The Louvre Abu Dhabi has named Bahraini American artist Nasser Alzayani as the winner of its inaugural Richard Mille Art Prize, which carries a $50,000 cash award. Rather than keeping the money all to himself, however, he is planning to share it equally among himself and the six shortlisted artists.
The seven artists, drawn from a regional open call, currently have work on display in the first entry in the museum’s new exhibition series “Art Here.” Launched in 2021 in partnership with the watch brand Richard Mille, the annual showcase will feature emerging artists, one of which will be selected by an international jury for the grand prize. The inaugural edition—timed to the 50th anniversary of the U.A.E.’s federation—is titled “Memory, Time and Territory”. Artists were asked in the open call “to reflect on the country’s legacy as a territory where questions of past, present, and future combine and overlap.”
Alzayani’s winning piece was the research-driven installation Watering the distant, deserting the near (2021), an archival study of Ain Adhari, a freshwater spring in Bahrain that has since dried up. Adhari studied the spring’s water levels over the years, reconstructing a landscape now lost, its ghost living on in numbers and his own childhood memories. The final artwork incorporated data, audio narration, song. Most significantly, he replicated parts of the site as sand tablets bearing the text of a Bahraini poem. The tablets are crumbling at different paces and places, obscuring bits of meaning until just dust remains.
“The work began with a memory that I had of visiting Ain Adhari, questioning whether this memory was real or not. I visited the place again and it had completely changed; the fresh water was gone, the spring was completely dry and had been replaced by an artificial pool of the same shape, the outline of which I recreated in my work,” he said of the work in an interview for the Louvre Abu Dhabi. “It was really a strange experience because it was clear that this place was important enough to maintain the shape of the pool and to reintroduce water, so people could still come to the site they recognized.”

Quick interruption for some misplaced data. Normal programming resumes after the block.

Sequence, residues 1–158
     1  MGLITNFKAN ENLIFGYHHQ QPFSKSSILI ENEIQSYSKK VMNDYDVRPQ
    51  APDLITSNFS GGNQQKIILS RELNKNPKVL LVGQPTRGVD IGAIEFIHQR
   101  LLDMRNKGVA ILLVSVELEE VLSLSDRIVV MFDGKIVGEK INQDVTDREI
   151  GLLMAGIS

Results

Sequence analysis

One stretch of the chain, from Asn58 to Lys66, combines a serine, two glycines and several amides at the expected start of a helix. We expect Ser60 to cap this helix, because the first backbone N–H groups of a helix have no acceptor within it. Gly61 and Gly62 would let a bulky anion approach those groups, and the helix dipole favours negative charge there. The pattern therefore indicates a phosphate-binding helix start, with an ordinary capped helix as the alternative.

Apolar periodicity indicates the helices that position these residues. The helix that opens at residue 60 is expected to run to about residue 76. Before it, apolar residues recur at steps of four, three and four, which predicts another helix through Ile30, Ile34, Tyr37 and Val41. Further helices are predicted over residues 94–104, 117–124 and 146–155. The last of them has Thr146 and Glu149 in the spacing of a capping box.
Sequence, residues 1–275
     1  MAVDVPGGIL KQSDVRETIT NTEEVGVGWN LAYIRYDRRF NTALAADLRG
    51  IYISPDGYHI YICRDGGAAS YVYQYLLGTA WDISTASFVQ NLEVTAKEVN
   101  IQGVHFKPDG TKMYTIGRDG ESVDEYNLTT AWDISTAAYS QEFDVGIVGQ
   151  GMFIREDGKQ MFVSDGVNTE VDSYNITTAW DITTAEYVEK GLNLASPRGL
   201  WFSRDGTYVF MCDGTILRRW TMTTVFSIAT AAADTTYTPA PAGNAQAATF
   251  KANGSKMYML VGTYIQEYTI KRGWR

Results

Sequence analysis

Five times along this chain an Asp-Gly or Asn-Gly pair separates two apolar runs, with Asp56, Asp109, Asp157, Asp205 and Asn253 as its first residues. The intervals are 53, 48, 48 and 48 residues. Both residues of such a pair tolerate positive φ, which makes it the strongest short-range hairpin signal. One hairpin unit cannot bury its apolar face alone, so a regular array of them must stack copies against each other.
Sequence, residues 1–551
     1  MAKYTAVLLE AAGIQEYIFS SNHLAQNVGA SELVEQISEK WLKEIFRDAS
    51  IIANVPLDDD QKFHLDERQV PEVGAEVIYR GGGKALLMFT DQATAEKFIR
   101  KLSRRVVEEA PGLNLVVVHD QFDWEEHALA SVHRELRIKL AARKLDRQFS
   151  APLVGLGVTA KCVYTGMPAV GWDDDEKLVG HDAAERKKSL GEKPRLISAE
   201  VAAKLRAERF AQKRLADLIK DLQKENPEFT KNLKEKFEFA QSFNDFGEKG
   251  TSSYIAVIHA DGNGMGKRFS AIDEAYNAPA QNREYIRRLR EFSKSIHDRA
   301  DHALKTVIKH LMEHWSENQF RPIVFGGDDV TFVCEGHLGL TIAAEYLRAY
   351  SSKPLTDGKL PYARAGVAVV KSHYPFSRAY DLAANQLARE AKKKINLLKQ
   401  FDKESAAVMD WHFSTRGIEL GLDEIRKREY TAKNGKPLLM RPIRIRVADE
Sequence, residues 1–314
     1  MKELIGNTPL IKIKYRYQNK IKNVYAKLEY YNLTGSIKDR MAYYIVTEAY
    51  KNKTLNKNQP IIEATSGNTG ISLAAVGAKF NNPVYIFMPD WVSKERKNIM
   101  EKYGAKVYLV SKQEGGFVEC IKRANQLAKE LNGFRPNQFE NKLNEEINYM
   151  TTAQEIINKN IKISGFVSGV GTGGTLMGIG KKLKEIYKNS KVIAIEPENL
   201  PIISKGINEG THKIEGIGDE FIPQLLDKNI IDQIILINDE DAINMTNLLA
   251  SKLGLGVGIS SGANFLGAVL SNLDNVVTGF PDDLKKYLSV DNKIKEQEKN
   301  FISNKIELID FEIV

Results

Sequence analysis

Also on view in “Art Here” is Latifa Saeed’s The Pathway, which takes its inspiration from pavement bricks common in the Emirates. Saeed reimagined the material as a glass pathway, compelling the viewer to consider the weight of their steps forward. By transforming a beaten road into something breakable, she calls attention to the fragility of mundane territories. Tarek Al-Ghoussein, born to Palestinian refugees and raised in Morocco and Japan, examines through photography how anonymous lives leave traces on the land and vice versa. In his Odysseus series (Abu Dhabi), begun in 2015, he focuses on several uninhabited islands off the coast of Abu Dhabi, which act as placeholders between the desert landscape and rapid feats of urbanization inland. Meanwhile, Italian Lebanese artist Cristiana de Marchi uses textiles, embroidery, film and performance to explore how memory, itself susceptible to change, alters our relationship to the past. Her work, Mapping Gaps. Beirut (2016–17), explores these existential concerns through embroidered maps.
Speaking to the National on the collective decision to split the prize money, Alzayani said, “We were approaching this is as a gesture, trying to make a statement about the art ecosystem to support as many artists as possible, rather than just one award to one artist. We realized in order to make work, we need a sustained income and method of support.”